claims to national political rights in the area in favour of the Jews;
the mandated territory was in effect reserved to the Jewish people
for  their  self-determination  and  political  development,  in


acknowledgment of the historic connection of the Jewish people to the land.
[Part 2.] There remains simply the theory that the Arab inhabitants of the West Bank and the Gaza Strip have an inherent "natural law" claim to the area.
Neither  customary  international  law  nor  the  United  Nations
Charter acknowledges that every group of people claiming to be a
nation has the right to a state of its own." Eugene Rostow, The
Future of Palestine, Institute for Strategic Studies, November
1993, [bracketed numbers added]

I found the foregoing summary after I had completed my own
research  and  had  written  a  more  detailed  version. The  only
difference between Rostow's view and mine is that I sprinkled a
little equity jurisprudence in mine making it a little easier to
understand. The law of trusts is incorporated in the body of equity
jurisprudence and helps explain Part I. The Palestine Mandate was
in effect a trust agreement in which Britain held in trust the
political rights recognized in 1920 to belong to the Jewish People.
It therefore had legal dominion over them so long as it was trustee
— see below. The Jewish people owned only a beneficial interest
in these political rights when Britain was trustee. It was not until
1950 that the World Jewry met the tacit standards for vesting of the
trust res.
They met those standards by attaining a population majority in the
defined territory (inside an Armistice boundary) that was under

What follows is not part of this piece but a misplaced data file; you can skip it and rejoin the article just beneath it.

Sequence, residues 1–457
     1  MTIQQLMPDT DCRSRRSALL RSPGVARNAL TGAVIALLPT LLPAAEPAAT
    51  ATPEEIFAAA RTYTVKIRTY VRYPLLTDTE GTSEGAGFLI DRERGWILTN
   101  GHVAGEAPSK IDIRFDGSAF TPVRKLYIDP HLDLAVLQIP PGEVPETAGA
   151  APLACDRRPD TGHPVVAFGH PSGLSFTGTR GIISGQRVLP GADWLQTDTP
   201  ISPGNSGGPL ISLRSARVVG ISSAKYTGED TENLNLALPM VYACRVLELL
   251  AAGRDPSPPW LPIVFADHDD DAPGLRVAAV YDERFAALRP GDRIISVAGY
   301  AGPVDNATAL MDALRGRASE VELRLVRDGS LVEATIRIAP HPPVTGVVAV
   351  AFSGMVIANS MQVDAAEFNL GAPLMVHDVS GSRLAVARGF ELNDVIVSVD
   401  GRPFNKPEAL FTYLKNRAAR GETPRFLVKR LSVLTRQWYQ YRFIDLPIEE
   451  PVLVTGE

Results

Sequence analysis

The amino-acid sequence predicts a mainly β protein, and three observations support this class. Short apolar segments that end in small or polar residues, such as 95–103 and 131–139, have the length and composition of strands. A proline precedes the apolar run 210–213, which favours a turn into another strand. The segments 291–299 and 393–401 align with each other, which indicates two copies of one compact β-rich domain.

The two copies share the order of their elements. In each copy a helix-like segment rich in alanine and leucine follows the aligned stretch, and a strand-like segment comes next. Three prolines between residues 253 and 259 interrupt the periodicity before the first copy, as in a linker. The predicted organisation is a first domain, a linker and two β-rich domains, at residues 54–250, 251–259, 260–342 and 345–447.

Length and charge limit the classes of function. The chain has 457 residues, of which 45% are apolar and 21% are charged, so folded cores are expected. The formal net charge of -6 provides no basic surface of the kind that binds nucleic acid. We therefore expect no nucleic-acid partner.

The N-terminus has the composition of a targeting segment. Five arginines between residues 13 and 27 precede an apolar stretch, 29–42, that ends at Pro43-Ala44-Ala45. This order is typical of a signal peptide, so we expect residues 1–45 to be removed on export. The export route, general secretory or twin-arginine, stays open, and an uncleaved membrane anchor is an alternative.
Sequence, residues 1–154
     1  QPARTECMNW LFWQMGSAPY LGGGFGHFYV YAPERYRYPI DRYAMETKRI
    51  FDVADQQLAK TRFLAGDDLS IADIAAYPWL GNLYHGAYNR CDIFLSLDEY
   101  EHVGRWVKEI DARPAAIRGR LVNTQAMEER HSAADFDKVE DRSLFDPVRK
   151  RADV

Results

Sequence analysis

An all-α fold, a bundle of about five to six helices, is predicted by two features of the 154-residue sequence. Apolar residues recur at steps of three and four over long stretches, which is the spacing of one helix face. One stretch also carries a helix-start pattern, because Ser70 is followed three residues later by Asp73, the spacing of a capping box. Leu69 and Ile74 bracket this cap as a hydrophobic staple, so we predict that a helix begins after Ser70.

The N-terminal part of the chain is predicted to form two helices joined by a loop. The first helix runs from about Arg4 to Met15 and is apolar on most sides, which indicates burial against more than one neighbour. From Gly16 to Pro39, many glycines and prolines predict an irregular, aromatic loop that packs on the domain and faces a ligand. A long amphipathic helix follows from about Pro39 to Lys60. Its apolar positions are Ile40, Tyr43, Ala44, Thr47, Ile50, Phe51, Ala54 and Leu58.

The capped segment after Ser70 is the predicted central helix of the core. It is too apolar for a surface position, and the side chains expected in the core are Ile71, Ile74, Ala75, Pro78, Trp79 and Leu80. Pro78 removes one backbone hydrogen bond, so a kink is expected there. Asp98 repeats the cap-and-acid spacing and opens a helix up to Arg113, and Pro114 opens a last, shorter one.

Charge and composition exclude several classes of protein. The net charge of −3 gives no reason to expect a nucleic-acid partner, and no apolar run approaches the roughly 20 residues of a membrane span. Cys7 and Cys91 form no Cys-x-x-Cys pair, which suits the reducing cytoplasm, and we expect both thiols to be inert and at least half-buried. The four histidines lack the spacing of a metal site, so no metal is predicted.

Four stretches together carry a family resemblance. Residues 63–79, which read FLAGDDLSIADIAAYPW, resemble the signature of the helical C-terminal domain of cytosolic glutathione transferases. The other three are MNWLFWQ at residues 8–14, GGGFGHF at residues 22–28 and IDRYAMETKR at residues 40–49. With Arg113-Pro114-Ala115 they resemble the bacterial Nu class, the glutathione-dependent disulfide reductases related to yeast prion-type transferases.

their rule, and by having the capability of exercising sovereignty
by their unified control over the population inside that boundary
and control over their borders.   The standards for exercising
sovereignty were restated in 1933 in the Montivideo Convention on
the Rights and Duties of States. Now that 20 years have gone by
and the "peace talks" and renunciation of violence have been


proven to be a charade, it is time to contemplate what will come
next. One alternative that hasn't been given a forum is a one lawful
Jewish majority state from the River to the Sea. But two myths
need correcting and a chimera must be dispelled. One myth is that
Jewish sovereignty had its roots in the 1947 UNGA Partition
Resolution 181 and success in battle in 1948, but does not include
Judea, Samaria and East Jerusalem that were liberated in 1967. A
history lost in the sands of time shows the roots of the Jewish
People's sovereignty was actually in 1920, not 1947. It is outlined
in  the  San  Remo  Resolution --  word  for  word  the  Balfour
Declaration — and  detailed  in  the  Palestine  Mandate.  This
beneficial interest, awaiting a Jewish population majority in the
area to be ruled, and Jewish capability to exercise sovereignty, was recognized by 53 states in 1922. One of those was the United States. These political rights vested in the Jewish People in 1950 without any fanfare.